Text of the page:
Health in the Community
Puerto Rico seeks help as Medicaid crisis deepens after Maria
WASHINGTON/SAN FRANCISCO (Reuters) – Puerto Rico, still reeling from Hurricane Maria, is asking the Trump administration and U.S. lawmakers for help in staving off a Medicaid crisis that has put a quarter of the island’s residents at risk of losing medical care.
The territory, which has grappled for years with shortfalls in funding of its Medicaid healthcare program, is on track to run out of money to pay doctors and hospitals by early next year, leaving as many as 900,000 low-income Puerto Ricans without care.
Puerto Rico Governor Ricardo Rossello has asked Washington to waive the territory’s share of Medicaid costs – a step that could cost hundreds of millions. Last week, Rossello returned with another request: an infusion of $1.6 billion per year for at least five years.
A dozen Democratic senators have raised the issue with the Trump administration. Republican Senator Marco Rubio has also expressed support, saying the Medicaid woes could hasten an exodus from the island, though he has not yet taken a position on specific proposals.
“If you take the storm and you add already all the inconveniences, obstructions that it’s created – and combine that with a Medicaid collapse – then you’re really going to accelerate the number of people coming to the mainland,” Rubio said in an interview.
Seema Verma, head of the Centers for Medicare and Medicaid Services, told Reuters that the administration was working on a Medicaid proposal for the island but she gave no details.
”We’re looking at everything at this point. We want to make sure that we’re supportive of them to deal with this crisis – but also dealing with some of their baseline issues that they had with the healthcare system,” said Verma, who visited Puerto Rico last week.
The timing and legislative vehicle for any funding are not yet clear. The White House is working on another emergency relief package for Puerto Rico, expected in mid-November.
The Republican-controlled House of Representatives has proposed including $1 billion in stop-gap funding for Puerto Rico Medicaid as part of a bill to renew funding for the Children’s Health Insurance Program.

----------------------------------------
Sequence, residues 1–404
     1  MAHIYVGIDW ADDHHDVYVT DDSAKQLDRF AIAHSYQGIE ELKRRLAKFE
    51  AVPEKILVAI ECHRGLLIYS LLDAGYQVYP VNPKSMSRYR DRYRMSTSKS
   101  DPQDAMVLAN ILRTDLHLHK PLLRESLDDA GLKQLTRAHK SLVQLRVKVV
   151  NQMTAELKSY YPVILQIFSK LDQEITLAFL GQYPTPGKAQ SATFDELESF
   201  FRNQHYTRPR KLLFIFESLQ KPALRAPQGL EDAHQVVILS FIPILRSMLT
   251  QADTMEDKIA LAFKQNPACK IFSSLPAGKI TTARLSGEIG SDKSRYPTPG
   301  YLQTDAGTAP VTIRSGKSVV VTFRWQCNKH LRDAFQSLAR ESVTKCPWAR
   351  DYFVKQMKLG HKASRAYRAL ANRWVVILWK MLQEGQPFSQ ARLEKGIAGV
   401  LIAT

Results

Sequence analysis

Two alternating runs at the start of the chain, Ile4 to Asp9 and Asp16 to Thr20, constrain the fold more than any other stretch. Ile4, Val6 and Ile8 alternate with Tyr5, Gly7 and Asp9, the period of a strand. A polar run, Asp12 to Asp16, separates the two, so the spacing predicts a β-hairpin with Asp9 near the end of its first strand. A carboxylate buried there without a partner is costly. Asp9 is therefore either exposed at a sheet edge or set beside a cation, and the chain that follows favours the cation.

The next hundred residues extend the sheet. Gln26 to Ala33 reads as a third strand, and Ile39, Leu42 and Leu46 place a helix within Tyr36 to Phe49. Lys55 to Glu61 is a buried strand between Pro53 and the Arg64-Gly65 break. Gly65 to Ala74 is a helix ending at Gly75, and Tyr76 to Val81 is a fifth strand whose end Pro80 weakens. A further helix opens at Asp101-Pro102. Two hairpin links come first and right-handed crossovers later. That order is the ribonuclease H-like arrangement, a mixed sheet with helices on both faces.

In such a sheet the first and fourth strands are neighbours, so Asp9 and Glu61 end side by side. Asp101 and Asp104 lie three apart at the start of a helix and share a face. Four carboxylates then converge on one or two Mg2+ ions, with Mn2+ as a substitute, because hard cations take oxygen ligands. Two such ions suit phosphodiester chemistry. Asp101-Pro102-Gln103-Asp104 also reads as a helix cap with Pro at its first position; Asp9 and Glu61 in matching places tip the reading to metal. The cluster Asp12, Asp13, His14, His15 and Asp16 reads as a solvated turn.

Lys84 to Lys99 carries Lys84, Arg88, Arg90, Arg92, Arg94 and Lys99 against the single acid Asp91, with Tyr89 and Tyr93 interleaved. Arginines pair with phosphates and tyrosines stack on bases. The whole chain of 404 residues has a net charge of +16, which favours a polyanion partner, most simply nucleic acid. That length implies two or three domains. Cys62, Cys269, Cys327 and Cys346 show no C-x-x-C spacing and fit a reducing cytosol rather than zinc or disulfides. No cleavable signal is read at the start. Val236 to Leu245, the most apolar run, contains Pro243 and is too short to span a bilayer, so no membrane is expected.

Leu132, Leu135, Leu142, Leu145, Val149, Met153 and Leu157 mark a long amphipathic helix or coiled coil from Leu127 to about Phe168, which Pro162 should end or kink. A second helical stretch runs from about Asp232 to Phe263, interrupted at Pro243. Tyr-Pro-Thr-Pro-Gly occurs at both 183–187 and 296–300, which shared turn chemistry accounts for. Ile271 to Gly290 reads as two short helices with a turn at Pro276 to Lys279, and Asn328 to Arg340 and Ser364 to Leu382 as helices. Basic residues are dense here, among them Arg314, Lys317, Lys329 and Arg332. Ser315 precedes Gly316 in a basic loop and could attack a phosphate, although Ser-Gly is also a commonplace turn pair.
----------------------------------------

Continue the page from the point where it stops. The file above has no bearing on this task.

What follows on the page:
The program cost almost $2.5 billion in 2016, and was projected to be at least $875 million short in funds in 2018. (For a graphic on the Medicaid funding “cliff”: tmsnrt.rs/2yT1qWG)
‘WE NEED A PLAN B’
As Puerto Rico is a territory and not a state, its residents do not pay federal income taxes. Washington, which shares the cost of Medicaid with states, has long capped spending to territories.
The result: low-income states such as Mississippi get 75 percent of their Medicaid bill covered by Washington, while only about 12 percent of Puerto Rico’s costs are covered under the cap.
Six weeks after Maria tore through Puerto Rico, the island is struggling to pick up the pieces, and about two-thirds of its residents remain without power.
The territory declared bankruptcy earlier this year and the storm has plunged its economy into deeper uncertainty, exacerbating the Medicaid crisis.
“I am worried about my patients. I am worried about myself. I have a family and obligations,” said Ivan Gonzalez-Cancel, a heart surgeon at Centro Cardiovascular de Puerto Rico, who said he expects the territory to run out of Medicaid money in February.
“I have been talking to many people for years saying, ‘We need a Plan B,’” Gonzalez said. “They are counting on that money.”
The hurricane is one of several massive disasters to hit the United States over the past three months. Congress has approved more than $51 billion in emergency aid since September and will consider another aid request this month.
Carlos Mercader, a spokesman for the governor, said he hoped federal attention to Puerto Rico’s hurricane woes would lead to a longer-lasting fix for its Medicaid problems.
But Joe Antos, a healthcare economist at the American Enterprise Institute, said that might be a tough sell in Washington, given the island’s long list of needs.
“They have had no traction on this issue, whatsoever, for decades,” Antos said. “This is just a very bitter frosting on a really tough cake.”